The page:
Many nations recognize that immense potential for geologic storage of carbon dioxide exists in subsea sites on the continental shelf. Indeed, every continent in the world is bordered by passive marine margins suitable for storage. The geology does not stop at the shoreline, and the deep subsurface of those offshore margins is highly suitable for storage. An added attraction of offshore storage is co-location of carbon sources and sinks, as most large industrial emissions sources occur in coastal regions. Compared to onshore sites, which are owned by private entities, offshore territories are controlled by government gencies, thus simplifying regulation and permitting. In addition, potential risks to shallow sources of drinking water and human health and safety are reduced in offshore settings. Such benefits have the potential to resonate with many nations, in particular, industrialized countries that must participate in climate change mitigation for any meaningful impact to occur.

    But, working in an offshore environment presents challenges. Costs of siting, development, and monitoring are not insignificant, and regulation of risk and liability may not be well established in all nations. 
    Continue reading

  • by Susan Hovorka

    mousetrapA lot of work has been done on designing monitoring programs for carbon capture and storage sites. All of the regulations, very properly, say that monitoring should be site-specific. But the details of how a regulator and an operator determine what is site-specific have not been fully explored. This creates uncertainty. What the site-specific phrase means to a regulator may not match up with what the site-specific phrase means to a site developer.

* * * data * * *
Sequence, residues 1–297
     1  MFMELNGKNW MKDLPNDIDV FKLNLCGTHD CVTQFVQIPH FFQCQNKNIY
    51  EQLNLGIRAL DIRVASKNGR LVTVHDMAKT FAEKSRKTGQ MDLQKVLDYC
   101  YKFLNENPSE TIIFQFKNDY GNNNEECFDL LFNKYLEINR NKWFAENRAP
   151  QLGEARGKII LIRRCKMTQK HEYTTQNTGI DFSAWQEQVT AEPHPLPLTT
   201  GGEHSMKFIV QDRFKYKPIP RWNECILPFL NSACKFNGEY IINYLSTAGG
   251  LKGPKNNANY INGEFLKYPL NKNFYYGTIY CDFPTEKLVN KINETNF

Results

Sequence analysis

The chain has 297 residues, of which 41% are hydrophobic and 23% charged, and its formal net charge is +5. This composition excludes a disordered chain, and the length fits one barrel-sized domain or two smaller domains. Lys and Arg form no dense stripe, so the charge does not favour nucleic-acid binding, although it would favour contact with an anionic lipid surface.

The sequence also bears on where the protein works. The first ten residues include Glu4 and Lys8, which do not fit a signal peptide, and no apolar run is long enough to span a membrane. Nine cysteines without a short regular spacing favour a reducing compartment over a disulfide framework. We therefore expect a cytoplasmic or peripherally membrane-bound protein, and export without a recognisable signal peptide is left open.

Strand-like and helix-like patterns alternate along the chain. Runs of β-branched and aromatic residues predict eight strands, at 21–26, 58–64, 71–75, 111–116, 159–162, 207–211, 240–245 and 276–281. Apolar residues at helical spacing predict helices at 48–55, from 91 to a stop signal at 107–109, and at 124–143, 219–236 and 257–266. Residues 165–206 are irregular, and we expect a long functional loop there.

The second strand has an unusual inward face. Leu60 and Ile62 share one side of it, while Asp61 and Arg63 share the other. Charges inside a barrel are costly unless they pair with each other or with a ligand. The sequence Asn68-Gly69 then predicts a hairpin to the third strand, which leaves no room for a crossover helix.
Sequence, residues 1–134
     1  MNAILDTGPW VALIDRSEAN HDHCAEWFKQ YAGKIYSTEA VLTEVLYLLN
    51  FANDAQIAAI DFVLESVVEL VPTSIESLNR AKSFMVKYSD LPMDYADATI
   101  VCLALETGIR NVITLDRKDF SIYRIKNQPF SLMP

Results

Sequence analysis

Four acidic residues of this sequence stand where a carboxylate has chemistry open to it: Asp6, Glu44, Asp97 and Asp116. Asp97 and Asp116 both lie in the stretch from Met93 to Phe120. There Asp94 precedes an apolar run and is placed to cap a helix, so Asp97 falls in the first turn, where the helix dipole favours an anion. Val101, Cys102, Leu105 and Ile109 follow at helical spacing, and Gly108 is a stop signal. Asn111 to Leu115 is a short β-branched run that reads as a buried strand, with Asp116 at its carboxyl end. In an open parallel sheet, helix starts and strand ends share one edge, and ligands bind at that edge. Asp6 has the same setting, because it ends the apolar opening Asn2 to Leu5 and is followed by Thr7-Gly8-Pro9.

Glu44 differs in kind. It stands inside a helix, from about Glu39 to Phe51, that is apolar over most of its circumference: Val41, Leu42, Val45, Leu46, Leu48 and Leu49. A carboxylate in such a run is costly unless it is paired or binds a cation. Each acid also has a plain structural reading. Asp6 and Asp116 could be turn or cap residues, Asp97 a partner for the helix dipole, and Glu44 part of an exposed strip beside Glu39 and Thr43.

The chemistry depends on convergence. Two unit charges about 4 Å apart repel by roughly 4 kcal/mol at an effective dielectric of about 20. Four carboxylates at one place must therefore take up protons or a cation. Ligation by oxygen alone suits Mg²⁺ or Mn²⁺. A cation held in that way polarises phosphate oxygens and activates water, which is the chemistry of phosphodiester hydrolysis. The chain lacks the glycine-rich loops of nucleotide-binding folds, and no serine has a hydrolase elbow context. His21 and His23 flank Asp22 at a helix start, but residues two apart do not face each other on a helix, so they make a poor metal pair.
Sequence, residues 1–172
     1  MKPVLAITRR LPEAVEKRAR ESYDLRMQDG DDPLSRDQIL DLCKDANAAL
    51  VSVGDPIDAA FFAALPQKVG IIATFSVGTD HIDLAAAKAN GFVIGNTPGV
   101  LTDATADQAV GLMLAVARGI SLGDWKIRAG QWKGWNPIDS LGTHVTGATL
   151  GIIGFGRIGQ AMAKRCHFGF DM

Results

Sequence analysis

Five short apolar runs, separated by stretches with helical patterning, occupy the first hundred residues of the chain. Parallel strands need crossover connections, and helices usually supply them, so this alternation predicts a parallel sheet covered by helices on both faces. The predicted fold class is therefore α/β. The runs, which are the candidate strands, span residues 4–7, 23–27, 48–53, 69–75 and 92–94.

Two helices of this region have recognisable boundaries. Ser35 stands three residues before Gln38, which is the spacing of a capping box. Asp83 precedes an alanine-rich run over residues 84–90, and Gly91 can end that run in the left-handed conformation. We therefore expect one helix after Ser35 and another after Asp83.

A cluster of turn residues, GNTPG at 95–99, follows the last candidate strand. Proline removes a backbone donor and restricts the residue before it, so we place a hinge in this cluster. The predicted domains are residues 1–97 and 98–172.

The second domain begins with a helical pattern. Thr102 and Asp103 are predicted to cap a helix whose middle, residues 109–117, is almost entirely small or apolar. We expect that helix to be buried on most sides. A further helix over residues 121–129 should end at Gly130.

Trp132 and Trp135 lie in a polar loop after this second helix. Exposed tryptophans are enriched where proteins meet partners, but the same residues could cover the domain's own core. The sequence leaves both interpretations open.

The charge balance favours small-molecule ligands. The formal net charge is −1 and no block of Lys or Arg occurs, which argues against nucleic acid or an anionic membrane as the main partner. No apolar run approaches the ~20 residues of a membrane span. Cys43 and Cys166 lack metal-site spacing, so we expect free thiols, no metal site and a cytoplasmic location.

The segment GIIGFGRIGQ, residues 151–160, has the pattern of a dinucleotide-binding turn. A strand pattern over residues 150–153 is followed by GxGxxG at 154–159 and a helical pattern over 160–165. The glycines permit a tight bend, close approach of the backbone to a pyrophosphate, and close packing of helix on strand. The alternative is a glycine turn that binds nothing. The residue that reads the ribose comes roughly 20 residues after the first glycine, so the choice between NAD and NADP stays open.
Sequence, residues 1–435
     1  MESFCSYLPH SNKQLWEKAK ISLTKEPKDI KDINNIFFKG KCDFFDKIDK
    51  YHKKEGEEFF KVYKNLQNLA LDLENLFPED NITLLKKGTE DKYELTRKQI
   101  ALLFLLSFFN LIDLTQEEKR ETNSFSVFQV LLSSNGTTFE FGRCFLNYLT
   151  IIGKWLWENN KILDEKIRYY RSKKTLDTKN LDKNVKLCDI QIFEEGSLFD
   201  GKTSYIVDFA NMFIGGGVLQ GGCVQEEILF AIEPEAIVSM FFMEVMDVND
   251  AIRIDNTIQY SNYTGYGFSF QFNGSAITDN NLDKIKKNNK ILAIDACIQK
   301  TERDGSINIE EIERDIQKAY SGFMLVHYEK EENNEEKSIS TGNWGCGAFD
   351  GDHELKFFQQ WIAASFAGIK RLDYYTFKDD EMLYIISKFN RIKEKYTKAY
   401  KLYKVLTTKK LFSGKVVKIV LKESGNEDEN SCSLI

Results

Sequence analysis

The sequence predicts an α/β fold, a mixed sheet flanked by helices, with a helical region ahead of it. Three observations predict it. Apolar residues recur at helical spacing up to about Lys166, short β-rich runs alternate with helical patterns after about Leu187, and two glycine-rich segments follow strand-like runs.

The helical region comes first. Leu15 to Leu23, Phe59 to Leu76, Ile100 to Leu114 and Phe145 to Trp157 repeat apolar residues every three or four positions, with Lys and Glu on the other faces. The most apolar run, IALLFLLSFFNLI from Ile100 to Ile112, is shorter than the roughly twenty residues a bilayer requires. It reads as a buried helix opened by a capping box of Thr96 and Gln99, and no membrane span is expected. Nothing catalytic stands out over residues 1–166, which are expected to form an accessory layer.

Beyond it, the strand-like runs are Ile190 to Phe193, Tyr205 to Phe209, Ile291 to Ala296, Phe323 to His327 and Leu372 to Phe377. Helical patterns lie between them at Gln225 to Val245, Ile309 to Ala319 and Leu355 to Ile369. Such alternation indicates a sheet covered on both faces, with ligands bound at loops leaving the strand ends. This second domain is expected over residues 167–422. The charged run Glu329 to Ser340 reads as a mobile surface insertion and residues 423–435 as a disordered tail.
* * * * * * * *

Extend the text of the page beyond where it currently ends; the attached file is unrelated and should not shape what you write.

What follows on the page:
At the Gulf Coast Carbon Center, we have considered the ways that monitoring tools interact with sites. In this context, we have found it useful to think of these tools as traps for catching carbon dioxide leaks. Leakage from a well-characterized storage reservoir is not expected, however even from a site for which the characterization is excellent, some uncertainty remains. Stakeholders, such as regulators, capture industries, project financiers, or the public may find such uncertainty unacceptable. To borrow an analogy from a business whose entire goal is the elimination of the unacceptable: You can’t catch a mouse with a squirrel trap. You also won’t catch a mouse in a lake in the winter. You have to set the right kind of trap, in the right place, at the right time to determine if you do or do not have mice.

    We explore how to set the right trap to catch leakage using four common tools as examples. Continue reading